Presentation of results.-One of the most important things that scientists do is to present their results to other scientists. They do this for two reasons: (1) to inform other scientists of their findings, and (2) to allow other scientists to evaluate the design of the study, to agree or disagree with their interpretations of the results, and to replicate (repeat) the study if they choose to do so. One way that results are reported is on a poster at a session of posters. You will present your results on a poster. Keep in mind that a poster is a visual presentation of (1) the topic you studied, (2) why you studied it, (3) the methods you used, (4) the results you obtained, and (5) your interpretation of those results. Keep in mind also that because posters are visual, it is important for them to be visually attractive-a good poster will draw your attention from across the room, and will present its information quickly and clearly.
Things to Think about
Topic.-We are studying the foraging strategies of squirrels. What kinds of "strategies" might squirrels follow, and how might each help a squirrel to live longer and/or reproduce more? Each one of these possible strategies is a functional hypothesis. What hypotheses are you testing, and how can each be supported or disproven? What effect might number of peanuts and distance to cover have on a squirrel's survival or rate of reproduction? What would happen if two aspects of a strategy or two different strategies conflict with one another (for example, if the patch with the best food was also the patch with the highest risk of predation)? We made some assumptions about safety and food quality. How might these assumptions be tested? Do you have any data to test the assumptions? How might you determine whether a particular foraging strategy is really functional (whether it really improves survival or reproduction)?
Methods.-Why was it necessary to flip a coin to decide which patches would get lots of food? What steps do the groups need to take to make sure that each group does the same thing, and why is that important? Would it be best to keep the same arrangement of patches, or to choose a new arrangement at the start of each hour-long observation? Is it sufficient just to count the number of peanuts taken during the hour, or should groups also observe the behavior of individual squirrels? If you decide to observe squirrels, what will you observe, how will you record it, and how can you make sure that all groups do the same things?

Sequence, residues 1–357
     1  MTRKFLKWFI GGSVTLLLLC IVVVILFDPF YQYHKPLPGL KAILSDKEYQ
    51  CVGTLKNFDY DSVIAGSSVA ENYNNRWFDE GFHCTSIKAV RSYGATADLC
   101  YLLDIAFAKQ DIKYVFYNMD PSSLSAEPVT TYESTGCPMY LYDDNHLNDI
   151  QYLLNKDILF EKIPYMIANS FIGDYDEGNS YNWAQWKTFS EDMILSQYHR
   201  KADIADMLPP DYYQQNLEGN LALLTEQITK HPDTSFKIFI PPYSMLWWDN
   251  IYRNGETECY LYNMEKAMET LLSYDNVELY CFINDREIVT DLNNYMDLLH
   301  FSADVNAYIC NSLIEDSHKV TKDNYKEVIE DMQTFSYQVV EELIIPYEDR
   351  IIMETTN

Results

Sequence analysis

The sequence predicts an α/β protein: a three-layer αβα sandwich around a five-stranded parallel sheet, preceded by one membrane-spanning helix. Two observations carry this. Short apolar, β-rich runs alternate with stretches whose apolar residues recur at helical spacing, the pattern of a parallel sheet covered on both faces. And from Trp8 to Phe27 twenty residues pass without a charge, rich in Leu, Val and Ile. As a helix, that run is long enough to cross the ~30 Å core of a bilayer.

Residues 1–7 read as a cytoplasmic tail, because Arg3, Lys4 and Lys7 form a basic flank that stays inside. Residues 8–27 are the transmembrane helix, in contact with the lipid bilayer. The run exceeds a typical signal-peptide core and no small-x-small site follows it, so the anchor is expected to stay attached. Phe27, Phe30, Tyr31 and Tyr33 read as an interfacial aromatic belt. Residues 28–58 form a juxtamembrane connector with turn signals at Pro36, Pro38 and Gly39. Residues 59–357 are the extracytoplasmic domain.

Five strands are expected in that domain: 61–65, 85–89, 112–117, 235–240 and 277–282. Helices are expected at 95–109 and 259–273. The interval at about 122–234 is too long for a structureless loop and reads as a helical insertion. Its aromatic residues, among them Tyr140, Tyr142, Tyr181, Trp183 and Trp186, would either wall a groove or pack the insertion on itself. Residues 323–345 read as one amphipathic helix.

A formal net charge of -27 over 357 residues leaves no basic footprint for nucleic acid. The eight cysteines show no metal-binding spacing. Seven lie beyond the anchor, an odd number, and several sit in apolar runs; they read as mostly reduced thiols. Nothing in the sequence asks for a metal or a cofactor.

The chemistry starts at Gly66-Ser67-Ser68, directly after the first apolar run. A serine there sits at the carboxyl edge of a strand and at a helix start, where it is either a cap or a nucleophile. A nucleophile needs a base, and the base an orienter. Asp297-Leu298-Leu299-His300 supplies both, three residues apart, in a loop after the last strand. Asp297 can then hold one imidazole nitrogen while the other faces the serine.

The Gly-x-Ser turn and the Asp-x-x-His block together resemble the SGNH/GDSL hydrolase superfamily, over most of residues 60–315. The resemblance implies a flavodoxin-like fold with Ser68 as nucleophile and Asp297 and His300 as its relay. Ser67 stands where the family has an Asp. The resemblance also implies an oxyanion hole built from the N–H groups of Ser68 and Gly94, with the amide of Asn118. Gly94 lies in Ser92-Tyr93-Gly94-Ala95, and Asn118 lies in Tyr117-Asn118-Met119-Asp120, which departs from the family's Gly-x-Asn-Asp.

Analysis.-Once you have your pooled data, how can you analyze them? Remember, we are trying to identify the foraging strategies that squirrels follow. What possible strategies could squirrels follow? How do your data either suppor to refute the possible strategies? What functions might the possible strategies serve?
- meter tape or other measuring device
- chalk or string to mark the areas.
- 1,000+ peanuts
- poster board, graph paper, and markers
Tips for Teachers
Remember that there are no "right" and "wrong" hypotheses (although some will be more reasonable than others in that some will make sense given what we know about squirrels and foraging behavior, and some will not). What is most important is for your students to realize that any possible strategy can be tested as a scientific hypothesis, according to the "scientific method." The hypothesis should be based on existing information (e.g., what we already know about squirrels and their foraging behavior), and it should explain something about our topic of interest.
For example, we know that squirrels are scatter hoarders and we suspect that they hoard food to improve their survival during the winter. We might therefore hypothesize that squrrels adopt a strategy to gather and hoard the most peanuts in the shortest time. This "peanut maximizer" hypothesis would predict that squirrels always go to the patch with the most peanuts regardless of the distance from cover (i.e., regardless of the danger).
An alternative hypothesis might be that the risk of predation is more important than foraging efficiency, so that squirrels would adopt a strategy to keep the risks as low as possible. This "predation minimizer" hypothesis would predict that squirrels always go the the patch closer to cover regardless of the number of peanuts it contains (i.e., regardless of the food density). Note that each hypothesis makes a clear and testable prediction, which will be either supported or refuted by the results of our study. Note also that it is possible to get results that partially support both hypotheses. We might find, for example, that squirrels try to find the best balance between maximizing peanuts and minimizing predation.